After I had seen the the earth troll around the sun a mere twelve times, I read 1984. I suppose I may have been a tad young for some of its thematic material but I felt there was a need to hurry before the eponymous year was upon me (and then forever consigned to the past). I don’t think the experience has scarred me and to be honest I can remember little of its contents at this temporal remove.
A few years later (and safely post 1984), BBC Radio 4 produced a comedy series entitled 1994: looking to the future of our consumer society. This has stayed with me to a much greater extent: I can still remember the importance of 73%, Sellingfield, Executive and Dreamer. I’m not sure what this says about me – perhaps that if you want me take your serious message on-board, it had better by carrying a decent quota of jokes as ballast? Anyway, it is from this series that the title is taken – and in particular, episode 2 where the illegal social experiment being performed in Cumbria without the knowledge of the Environment (or so they claimed) is revealed.
Recent governments have been much enamoured of offering we, the electorate and tax paying masses, choice. I can see the superficial charm of the idea: the public sector is often considered to offer a poor and expensive service and exposure to the white-heat of competition should make them both better and cheaper. The worst providers will go out of “business”, as bad companies are supposed to do, and the best will gradually take over provision of more and more services. In this rosy world, companies in the private sector all offer an excellent service at a very competitive price. It all sounds quite splendid, but sadly it does not seem to correspond terribly closely to the world in which I find myself.
The introduction of competition also begs the question as to what is the basis of the competition. How would someone with a letter to send know which mail service to choose? It is all to easy to imagine cost being the sole, or over-riding determinant, subject to any minimum legal standards laid down. If you are a business in central London, I’m sure there will be plenty of companies vying for you delivery dollars but if you are a granny in the Outer Hebrides I suspect you may have rather fewer choices (probably the poor sap who has been selected as the provider of last resort). In the purely commercial sphere, companies tend to compete for business that is profitable: though they do, of course, make mistakes like any organisation which involves people. The mail is one thing, but in the world of commercial healthcare you will definitely want to make sure you have a popular and profitable injury or illness. Perhaps we could find some less commercial grounds for hospitals to compete on? You can’t directly use patients cured, as this would encourage the tackling of easily fixed diseases and injuries – and be no help at all for those suffering with anything incurable. We’d need an amazingly complicated scoring system covering every possible illness and injury and the value of improvements or otherwise in a patient’s condition. Presumably, you’d also have to keep monitoring the patient in case they deteriorated (or improved) after check-out and manage the whole reversion-to-the-mean issue. All somewhat of a nightmare to organise (and keep up-to-date), which brings me nicely to targets.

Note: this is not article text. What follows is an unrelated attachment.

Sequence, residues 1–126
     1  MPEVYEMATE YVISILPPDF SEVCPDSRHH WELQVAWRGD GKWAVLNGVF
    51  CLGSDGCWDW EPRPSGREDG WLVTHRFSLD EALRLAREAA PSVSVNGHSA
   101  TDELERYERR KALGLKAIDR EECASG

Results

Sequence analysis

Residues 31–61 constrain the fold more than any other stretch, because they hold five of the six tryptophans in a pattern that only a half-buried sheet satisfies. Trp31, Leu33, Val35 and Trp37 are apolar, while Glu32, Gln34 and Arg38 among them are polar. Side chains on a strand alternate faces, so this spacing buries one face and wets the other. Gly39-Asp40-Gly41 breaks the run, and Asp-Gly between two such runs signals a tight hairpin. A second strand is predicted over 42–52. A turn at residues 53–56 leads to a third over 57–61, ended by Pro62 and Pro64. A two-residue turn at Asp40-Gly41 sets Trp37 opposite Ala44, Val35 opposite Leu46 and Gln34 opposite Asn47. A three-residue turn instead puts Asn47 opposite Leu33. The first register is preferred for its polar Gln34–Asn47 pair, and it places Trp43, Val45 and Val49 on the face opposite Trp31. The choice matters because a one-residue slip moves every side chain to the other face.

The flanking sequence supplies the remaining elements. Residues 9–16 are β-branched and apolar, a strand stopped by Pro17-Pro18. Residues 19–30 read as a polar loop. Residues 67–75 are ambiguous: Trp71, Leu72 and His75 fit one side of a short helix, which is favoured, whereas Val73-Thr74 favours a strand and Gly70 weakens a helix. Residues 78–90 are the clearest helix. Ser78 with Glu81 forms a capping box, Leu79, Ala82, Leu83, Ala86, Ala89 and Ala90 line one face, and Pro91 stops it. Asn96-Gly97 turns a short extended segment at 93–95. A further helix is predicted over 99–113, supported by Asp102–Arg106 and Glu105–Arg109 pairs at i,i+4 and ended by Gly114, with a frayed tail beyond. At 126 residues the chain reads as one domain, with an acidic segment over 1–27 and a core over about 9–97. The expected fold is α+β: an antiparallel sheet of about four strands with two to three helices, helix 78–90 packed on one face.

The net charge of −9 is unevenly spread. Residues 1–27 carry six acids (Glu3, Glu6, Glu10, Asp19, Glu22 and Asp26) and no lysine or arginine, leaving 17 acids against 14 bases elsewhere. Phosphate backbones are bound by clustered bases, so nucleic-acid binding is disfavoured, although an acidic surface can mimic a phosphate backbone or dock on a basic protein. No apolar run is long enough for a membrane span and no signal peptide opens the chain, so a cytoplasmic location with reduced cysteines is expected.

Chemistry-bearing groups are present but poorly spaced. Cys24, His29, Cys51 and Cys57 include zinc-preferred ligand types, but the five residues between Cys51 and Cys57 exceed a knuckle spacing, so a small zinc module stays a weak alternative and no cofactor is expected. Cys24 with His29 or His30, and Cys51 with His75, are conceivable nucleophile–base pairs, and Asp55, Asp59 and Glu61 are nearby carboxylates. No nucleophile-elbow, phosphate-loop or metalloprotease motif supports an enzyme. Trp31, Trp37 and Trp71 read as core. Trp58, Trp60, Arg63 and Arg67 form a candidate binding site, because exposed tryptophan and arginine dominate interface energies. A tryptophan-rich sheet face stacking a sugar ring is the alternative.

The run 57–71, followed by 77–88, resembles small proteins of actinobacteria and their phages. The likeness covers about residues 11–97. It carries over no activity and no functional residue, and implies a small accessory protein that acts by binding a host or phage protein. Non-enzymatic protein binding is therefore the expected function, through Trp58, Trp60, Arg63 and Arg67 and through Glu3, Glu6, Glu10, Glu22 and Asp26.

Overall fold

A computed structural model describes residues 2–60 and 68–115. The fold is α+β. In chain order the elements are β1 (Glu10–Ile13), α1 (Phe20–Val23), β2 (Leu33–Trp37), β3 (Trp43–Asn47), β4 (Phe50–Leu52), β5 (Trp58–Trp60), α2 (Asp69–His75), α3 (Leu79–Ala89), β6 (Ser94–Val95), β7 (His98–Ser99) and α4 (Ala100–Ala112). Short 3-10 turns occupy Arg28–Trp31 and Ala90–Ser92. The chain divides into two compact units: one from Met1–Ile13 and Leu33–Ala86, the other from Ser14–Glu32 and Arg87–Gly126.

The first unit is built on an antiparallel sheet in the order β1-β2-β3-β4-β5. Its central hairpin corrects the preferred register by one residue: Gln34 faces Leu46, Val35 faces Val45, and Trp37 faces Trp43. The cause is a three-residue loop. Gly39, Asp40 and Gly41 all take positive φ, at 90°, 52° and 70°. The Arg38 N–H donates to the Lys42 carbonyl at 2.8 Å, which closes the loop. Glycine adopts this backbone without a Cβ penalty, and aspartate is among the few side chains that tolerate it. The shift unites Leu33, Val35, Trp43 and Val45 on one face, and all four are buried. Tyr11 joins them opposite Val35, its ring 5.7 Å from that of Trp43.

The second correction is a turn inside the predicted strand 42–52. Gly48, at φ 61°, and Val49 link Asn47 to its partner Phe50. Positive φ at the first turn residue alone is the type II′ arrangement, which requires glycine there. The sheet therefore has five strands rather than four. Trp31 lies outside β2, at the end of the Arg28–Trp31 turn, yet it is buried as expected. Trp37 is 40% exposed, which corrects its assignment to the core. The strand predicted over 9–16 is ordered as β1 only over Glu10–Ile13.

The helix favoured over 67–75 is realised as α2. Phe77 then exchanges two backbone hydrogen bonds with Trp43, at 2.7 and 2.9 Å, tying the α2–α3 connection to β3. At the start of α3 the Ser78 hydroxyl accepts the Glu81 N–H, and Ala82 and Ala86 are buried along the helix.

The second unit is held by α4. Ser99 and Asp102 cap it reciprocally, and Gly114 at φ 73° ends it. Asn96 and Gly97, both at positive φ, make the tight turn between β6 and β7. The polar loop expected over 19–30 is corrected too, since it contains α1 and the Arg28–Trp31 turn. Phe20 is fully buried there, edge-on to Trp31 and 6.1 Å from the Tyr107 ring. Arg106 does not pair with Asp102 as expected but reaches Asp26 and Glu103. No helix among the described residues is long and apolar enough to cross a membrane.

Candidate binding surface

The alternative to choice – or sometimes an adjunct to it – are targets. You set nice measurable targets for everyone to achieve. This tends to work quite well, people tend to move towards achieving the targets quite quickly and indeed I saw some lovely Stalin-themed examples of this process in action on Tuesday evening. Sadly, the targets are usually met by neglecting everything else or by exhibiting a certain flexibility with the numbers (constructive redefinition of terms is the target seeker’s friend) or both.
I feel that both choice and targets are over-rated: one needs a certain number of each or the world would be terrifically boring and inefficient, but they should (like the Scotch Bonnet) be used sparingly.
Experience of eating out over the last couple of years has certainly offered anecdotal evidence for some of the benefits of having only a rather limited choice. Since becoming mostly vegetarian, I try and stick to the ‘vegetarian’ part when eating out at a restaurant or cafe (‘mostly’ I leave for visiting or entertaining friends). Unless my chosen dining venue is vegetarian itself, there tends to be relatively few choices on offer to the aspiring veggie. This has required me to make rather more exciting choices of meal, straying rather further from the comfortable and familiar, than would have been the case when I had the run of the entire menu. I don’t think I have ever had cause to regret my straying – and, indeed, many of these choices have made it (in some adapted form) onto my menu at home.
I would say that ‘Freedom is Limited Choice’, but that makes it sound like an exam where you have to select an answer from (a) to (e) – preferably on a basis other than the purely random. These are very easy to mark – well, they are once you’ve managed to program the OCR successfully (trust me, I’ve done it) – but are a rather limited form of testing (though preparing the wrong answers when writing them is surprisingly enjoyable). So perhaps I should go with ‘Tyranny is Too Much Choice’ instead. Too much choice is also a terrible time-waster and so is probably harming our fragile economy. So, here’s to less choice!